AJAX, SOAP and so on are all based on the premise that there are ways of abstracting out a lot of the complexity of service/user and service/service interactions. That assumption, I believe, is essentially correct. From that premise, these standards go on to assume that vendors are the right people to make such abstractions. Here is where the error lies. Vendors are notorious for producing crippled standards (such as SQL) that require vendor extensions to be usable. At a recent PCI-SIG conference, I was amazed at both the obviously stupid limitations of the standards and the gratuitous "vendor extension" options that very obviously existed so that vendors could provide proprietary solutions to those limitations. If a standard cannot stand, it ceases to be a standard and becomes little more than a cub scout badge.


            (Another case: I cannot name a single well-designed W3C spec that was consortium-driven, and cannot name a single consortium-driven W3C spec that was well-designed.)


            Web service standards cannot be driven by the very people who profit most from non-standard solutions. Even when they are designed well, they will STILL carry unacceptable flaws precisely because they are not driven by a collective itch but by a desire to stop someone else's scratch being the one that's used. The day a truly open federation of user-developers (you need a group of people where each person is both user AND developer) who have no ulterior motive beyond solving the service issue is formed will be the day that you see a protocol that requires no "perfect case study", proprietary extensions, overweight IDEs, etc. It will just work and be just used. Same as every other system developed that way has always just worked and just been used.

            • by Afecks (899057)
              Web service standards cannot be driven by the very people who profit most from non-standard solutions.

              Who else has more of a reason to put forth the time, effort and money to do it?
            • by cyclomedia (882859) on Wednesday December 20, 2006 @05:45AM (#17310426) Homepage Journal
              What i truly don't understand is why it has to be so complex even the much vaunted and pparently much simpler XML-RPC looks like attatching a nuclear bomb to the process:

              <?xml version="1.0"?>
              <methodCall>
                  <methodName>namespace.getCountryCodeFromAbbr</meth odName>
                  <params>
                      <param>
                              <value><string>UK</string></value>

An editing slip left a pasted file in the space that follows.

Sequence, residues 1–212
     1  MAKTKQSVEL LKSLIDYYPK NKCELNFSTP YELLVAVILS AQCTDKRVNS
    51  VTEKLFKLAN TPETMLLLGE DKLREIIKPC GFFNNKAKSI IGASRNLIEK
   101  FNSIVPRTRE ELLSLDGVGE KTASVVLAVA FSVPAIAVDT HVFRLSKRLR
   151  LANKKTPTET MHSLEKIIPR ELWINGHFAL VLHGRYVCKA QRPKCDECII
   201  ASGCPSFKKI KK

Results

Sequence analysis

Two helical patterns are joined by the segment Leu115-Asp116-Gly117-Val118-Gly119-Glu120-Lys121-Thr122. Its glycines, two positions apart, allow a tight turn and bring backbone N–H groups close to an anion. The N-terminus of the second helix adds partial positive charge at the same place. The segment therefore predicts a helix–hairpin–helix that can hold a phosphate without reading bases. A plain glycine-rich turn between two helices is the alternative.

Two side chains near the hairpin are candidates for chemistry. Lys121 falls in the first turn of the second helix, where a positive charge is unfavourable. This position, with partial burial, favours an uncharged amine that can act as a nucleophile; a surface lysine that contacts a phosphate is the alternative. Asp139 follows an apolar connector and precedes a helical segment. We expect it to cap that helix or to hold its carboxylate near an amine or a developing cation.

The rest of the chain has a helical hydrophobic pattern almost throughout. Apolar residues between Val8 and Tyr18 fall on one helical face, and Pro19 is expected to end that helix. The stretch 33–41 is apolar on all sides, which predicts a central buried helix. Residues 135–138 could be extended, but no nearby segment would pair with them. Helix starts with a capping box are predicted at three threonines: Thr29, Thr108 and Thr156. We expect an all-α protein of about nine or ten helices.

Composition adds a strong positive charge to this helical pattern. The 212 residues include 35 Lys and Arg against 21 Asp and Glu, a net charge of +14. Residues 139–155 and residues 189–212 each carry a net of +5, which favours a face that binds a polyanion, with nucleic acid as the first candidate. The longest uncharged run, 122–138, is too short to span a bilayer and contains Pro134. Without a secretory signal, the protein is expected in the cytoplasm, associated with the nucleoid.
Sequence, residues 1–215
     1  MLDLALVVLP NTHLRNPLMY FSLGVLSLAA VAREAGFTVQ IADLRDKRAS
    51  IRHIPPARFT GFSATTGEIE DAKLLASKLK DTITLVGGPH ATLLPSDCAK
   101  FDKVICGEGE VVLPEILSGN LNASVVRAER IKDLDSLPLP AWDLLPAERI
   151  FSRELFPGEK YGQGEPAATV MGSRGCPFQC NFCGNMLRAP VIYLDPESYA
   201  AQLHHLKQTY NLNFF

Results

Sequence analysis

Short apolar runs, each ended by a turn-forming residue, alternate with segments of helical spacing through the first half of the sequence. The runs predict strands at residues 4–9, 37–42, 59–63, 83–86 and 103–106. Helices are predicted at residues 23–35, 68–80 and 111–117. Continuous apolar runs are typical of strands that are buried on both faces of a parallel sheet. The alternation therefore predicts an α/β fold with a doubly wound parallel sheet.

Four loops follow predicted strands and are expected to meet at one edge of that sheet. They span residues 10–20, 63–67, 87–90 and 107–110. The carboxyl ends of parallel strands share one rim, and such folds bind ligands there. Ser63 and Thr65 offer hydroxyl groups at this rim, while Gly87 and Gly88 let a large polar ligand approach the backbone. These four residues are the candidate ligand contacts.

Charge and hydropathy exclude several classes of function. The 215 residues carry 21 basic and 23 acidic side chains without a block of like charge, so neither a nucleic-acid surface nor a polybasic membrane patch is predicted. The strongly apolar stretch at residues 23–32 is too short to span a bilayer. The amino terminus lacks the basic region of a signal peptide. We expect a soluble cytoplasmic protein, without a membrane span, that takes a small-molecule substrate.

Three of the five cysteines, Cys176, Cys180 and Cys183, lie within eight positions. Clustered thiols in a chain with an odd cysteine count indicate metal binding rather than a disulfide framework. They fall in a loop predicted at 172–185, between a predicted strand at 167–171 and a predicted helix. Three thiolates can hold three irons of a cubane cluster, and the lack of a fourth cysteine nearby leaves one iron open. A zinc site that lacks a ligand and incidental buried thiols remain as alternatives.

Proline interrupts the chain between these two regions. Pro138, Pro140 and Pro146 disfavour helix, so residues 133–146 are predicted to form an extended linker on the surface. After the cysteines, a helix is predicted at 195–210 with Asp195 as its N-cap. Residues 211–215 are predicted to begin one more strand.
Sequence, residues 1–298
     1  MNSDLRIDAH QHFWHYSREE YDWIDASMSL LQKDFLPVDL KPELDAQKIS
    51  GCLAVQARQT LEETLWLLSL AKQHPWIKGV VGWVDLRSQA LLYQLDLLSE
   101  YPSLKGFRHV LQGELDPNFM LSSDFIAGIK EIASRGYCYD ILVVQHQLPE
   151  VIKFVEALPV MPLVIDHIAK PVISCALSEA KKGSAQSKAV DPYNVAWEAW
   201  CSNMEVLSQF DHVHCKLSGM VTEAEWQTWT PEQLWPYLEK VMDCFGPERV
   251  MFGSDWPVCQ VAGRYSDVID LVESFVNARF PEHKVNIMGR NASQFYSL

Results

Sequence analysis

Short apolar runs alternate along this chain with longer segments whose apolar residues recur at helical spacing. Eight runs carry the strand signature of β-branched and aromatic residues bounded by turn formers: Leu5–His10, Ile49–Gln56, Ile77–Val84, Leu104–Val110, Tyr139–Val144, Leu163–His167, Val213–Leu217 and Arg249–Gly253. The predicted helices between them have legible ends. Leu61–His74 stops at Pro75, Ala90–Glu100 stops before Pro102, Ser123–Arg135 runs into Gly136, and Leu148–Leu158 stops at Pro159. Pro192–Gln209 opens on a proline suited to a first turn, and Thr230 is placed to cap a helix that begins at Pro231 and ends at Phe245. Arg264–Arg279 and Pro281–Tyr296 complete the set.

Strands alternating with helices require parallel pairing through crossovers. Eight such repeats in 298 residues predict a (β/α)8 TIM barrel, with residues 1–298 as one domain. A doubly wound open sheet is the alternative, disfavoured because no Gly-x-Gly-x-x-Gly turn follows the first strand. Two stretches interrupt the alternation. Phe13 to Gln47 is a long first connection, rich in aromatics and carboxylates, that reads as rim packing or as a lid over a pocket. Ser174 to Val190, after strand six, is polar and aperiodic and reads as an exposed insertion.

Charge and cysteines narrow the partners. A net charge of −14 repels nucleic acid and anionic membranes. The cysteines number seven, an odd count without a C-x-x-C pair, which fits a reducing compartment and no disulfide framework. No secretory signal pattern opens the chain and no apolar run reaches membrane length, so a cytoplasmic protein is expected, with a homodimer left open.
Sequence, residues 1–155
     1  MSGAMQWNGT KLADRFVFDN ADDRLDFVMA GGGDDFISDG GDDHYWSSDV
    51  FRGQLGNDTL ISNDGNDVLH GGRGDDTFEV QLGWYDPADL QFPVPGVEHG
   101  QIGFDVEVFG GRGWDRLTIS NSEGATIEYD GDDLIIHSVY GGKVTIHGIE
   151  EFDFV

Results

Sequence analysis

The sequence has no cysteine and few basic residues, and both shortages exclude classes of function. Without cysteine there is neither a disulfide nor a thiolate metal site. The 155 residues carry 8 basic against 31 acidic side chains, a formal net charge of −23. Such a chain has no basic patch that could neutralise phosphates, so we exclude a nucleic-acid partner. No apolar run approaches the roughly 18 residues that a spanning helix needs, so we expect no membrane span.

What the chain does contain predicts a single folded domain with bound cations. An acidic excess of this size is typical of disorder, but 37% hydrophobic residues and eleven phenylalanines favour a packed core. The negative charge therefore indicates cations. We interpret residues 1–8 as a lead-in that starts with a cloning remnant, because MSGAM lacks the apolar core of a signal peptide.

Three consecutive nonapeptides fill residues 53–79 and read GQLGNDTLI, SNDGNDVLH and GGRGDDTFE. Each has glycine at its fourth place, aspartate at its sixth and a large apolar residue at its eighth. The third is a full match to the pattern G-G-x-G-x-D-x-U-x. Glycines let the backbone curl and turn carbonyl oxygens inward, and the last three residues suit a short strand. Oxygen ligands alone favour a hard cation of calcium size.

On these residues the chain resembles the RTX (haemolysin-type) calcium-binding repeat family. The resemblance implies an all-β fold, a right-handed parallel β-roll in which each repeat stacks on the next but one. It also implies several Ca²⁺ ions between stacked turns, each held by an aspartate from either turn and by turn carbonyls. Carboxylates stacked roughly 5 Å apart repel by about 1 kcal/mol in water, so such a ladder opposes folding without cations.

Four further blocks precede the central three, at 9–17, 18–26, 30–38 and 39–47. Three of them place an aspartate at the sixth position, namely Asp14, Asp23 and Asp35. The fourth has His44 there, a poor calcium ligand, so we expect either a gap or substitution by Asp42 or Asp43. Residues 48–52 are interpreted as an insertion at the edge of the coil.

</param>
                  </params>
              </methodCall>

              Browsers already have Javascript engines in that take C-syntaxey looking ascii and convert it into functions and objects, so why not just use a C-syntaxey plaintext to describe the service?

              read: namespace{ int getCountryCodeFromAbbr( string ); };

              send: namespace.getCountryCodeFromAbbr( "UK" );

              get : 44

              now, ok you might want to send comlext data structures back, but hey, you can just slap in the curly braces and be done

              read: namespace{ personStruct{ string name, int age, char sex }; personStruct getPersonFromUserId( int ); };

              send: namespace.getPersonFromUserId( 12 );

              get : { "John Smith", 34, 'M' };

              oh, but i forget: everthing has to be XML to be enterprisey, wether or not it's the best tool for the job, or if there's already a tool for the job that can do it for you with just a little tiny bit of effort. The "include this .js file" AJAX approach is essentially a wrapper for doing what i've just described, but taking the communication automation out of it.
              • Re: (Score:3, Interesting)

                by LizardKing (5245)

                What you're describing - an interface in a C like syntax - is exactly what CORBA IDL provides. While CORBA has its own set of problems, it is a far better solution than SOAP. SOAP is incredibly tedious to develop for, and difficult to optimise as it's predicated on XML parsing which is an inefficient format for what is essentially an RPC mechanism.

              • Wild idea: (Score:2, Insightful)

                by hummassa (157160)
                OR ... just use JSON instead of XML? But I know, there are a lot of security implications...
              • Re: (Score:2, Insightful)

                I hope you do realize that you are not supposed to manipulated the wire protocol directly, be it xml, IIOP or something else. In the case of SOAP there are libraries that let you programmaticaly create a message. But if you have a WSDL that describes the service (similar in intent to CORBA's IDL), and most service provider give you that, you can use libraries that create a proxy object from the WSDL. Then you can call native methods directly on the proxy.
                In your exemple that would be something like

                proxy

                • by Agelmar (205181) * on Wednesday December 20, 2006 @08:43AM (#17311192)
                  Have you ever tried using this for nontrivial examples? I must confess to being quite fed up with the whole thing. Support for anything beyond the basics seems to vary greatly from library to library, platform to platform, language to language. Axis is probably the best choice for Java, but it's rather lacking when it comes to commercial support, which is important for some people. For C/C++ you're more or less screwed. Gsoap works (for the most part), but it produces the most god-awful stubs I've ever seen. The library that comes as part of Visual Studio (for .Net I believe) either doesn't support MIME or DIME attachments, I don't recall which. There just seem to be too many problems for me to actually bother to use it.